View Full Version : O-Ring Chain lubing question

07-14-2005, 07:30 AM
Hey all,

I'm definitely a newbie to motorcycles, as just bought my '96 Katana 600 about 2 weeks ago.

When I bought the bike, the seller stated that he had just replaced the chain and sprocket, and he had used an O-ring chain. He said that I shouldn't use regular lube on it, and when I asked other people, they said I should use "chain wax".

My questions are:
1) In the past two weeks, the bike has been ridden in a heavy storm. Do I need to reapply the lube?
2) What is the proper type of lube? Do I have to use chain wax?
3) I've heard that O-ring chains take about half as long as regular chains to lube. Why is this?

Thanks alot in advance!
- Mike

07-15-2005, 05:17 PM
Answer to question one.. prolly not
Answer to question two.. personal preference, I always used a chain lube on mine and never had any problems. I think the main reasons a chain wax was recomended to you is some lubes actually have a solvent in them and it was thought that the solvents would cause the O-rings to break down. Also the wax is thought to be less messy and is said to attract less dirt.
Here's an experiment that was performed, you can make the call.

Copy and paste
Subject: Myths: Solvents & O-ring Chains ...
RK and the other o-ring chain manufacturers CLAIM that cleaning your o-ring chain with solvents or using a spray chain lube (which has a solvent in it) will damage the o-rings and shorten the life of the chain. My friend, Earl Minkler (Valley Machine, Livermore, Ca.), and I decided to do a little testing. We took some excess RK530SO chain links apart and removed the o-rings. Each o-ring was placed in a separate small bottle. We then added to each bottle one of the following "solvents";

1. MEK (Methyl Ethyl Ketone) a nasty solvent in the same family as acetone, but much stronger.

2. Chevron Thinner # 325 - a petroleum naphtha-base solvent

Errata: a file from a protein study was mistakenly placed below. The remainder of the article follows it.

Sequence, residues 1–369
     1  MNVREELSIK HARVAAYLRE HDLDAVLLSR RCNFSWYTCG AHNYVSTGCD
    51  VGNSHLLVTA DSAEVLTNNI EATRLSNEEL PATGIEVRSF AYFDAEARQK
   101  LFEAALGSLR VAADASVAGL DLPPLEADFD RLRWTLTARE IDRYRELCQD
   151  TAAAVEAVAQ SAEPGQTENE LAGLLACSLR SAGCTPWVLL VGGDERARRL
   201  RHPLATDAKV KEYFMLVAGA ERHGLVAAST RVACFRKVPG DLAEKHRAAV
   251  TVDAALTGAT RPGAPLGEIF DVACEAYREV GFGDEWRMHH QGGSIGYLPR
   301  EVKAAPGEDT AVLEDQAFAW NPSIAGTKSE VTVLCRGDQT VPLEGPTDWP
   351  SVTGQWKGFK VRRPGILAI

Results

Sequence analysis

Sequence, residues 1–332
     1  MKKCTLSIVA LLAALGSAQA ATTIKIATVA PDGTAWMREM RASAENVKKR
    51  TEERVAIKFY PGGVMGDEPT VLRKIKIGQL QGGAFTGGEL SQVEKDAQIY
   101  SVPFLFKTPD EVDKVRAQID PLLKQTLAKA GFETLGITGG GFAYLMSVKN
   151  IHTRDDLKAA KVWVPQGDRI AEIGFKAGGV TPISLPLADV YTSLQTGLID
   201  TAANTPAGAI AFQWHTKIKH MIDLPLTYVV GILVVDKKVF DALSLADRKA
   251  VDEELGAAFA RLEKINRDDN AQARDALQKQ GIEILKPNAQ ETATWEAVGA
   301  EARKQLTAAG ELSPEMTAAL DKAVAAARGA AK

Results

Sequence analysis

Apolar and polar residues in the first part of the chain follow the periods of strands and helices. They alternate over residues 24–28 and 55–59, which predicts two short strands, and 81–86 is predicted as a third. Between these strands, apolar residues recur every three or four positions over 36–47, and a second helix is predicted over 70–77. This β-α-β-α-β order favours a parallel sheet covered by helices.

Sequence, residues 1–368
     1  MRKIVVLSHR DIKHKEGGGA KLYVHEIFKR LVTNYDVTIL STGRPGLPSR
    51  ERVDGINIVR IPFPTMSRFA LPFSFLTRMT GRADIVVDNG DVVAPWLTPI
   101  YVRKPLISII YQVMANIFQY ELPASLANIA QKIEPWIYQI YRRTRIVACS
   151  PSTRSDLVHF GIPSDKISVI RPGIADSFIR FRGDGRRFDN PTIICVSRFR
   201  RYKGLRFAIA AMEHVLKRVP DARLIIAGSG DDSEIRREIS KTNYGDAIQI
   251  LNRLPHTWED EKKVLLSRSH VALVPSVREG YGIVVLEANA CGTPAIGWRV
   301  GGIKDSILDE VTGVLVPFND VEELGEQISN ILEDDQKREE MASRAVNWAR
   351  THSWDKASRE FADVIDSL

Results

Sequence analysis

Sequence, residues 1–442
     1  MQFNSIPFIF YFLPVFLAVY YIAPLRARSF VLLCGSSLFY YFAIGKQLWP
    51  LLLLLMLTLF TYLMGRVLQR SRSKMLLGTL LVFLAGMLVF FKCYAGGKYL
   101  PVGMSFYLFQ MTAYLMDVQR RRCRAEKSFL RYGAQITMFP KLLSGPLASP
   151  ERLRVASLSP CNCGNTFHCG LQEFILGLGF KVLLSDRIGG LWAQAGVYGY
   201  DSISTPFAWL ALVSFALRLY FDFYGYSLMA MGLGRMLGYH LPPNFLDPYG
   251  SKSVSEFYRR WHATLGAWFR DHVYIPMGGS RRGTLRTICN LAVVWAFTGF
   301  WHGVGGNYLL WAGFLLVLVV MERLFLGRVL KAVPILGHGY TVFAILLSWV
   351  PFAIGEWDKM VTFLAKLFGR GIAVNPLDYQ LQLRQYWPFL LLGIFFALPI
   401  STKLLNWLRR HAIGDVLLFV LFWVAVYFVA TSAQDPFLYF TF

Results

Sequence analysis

3. Freon - the solvent in most "contact cleaners"

4. unleaded gasoline

5. WD40

The bottles were then capped to prevent evaporation for a week.

We didn't test kerosene as it is the ONLY solvent each chain manufacturer actually recommends for cleaning.

After 24 hours, the only noticeable change was in the MEK; that o-ring had swelled slightly.

After 1 week ... The o-ring in the MEK was twice as large in every direction, the o-ring in the gasoline has swelled slightly, and the others had not changed.

We removed all of the o-rings and let them sit for 24 hours. The MEK and gasoline o-rings had returned to normal size. We checked the surface of the o-rings vs. an o-ring that did not see any solvent and there was no apparent change in the surface of any of them with 10x

We then stretched each o-ring over a 1/4" bolt to check their elasticity; again no difference in any of the test o-rings from the untreated o-ring.


1. Any of the solvents that we tested would be safe for cleaning an o-ring chain; if the cleaning time is normal, < 1 hour, and dried afterwards.

2. Solvents in a spray chain lube will evaporate long before it can effect the o-rings. Something else in the chain lube might damage the o-rings, but most solvents won't.

Additional Thoughts ...

If the o-rings were to swell as we noticed in the MEK then it is possible for the o-rings to wear more quickly against the chain's side plates.

I believe that the major failure modes of the o-rings are; (1) lack of lubrication for the o-rings, and (2) dirty o-rings grinding against the side plates.

There has also been some concern about a solvent getting past the o-ring & diluting the internal lube. This shouldn't happen, unless the o-rings are already damaged; in which case, you will be losing the internal lube at an accelerated rate & shortening the chain life anyway.

Here some chain facts for you to check out...

07-17-2005, 11:53 AM
Thanks for the info. That clears things up! :)

CosSun Hammer
07-17-2005, 07:18 PM
They need lube in one way or another. I like the spray on chain lube.

I never liked the wax as it doesn't penetrate anywhere and has been proven to be less effective.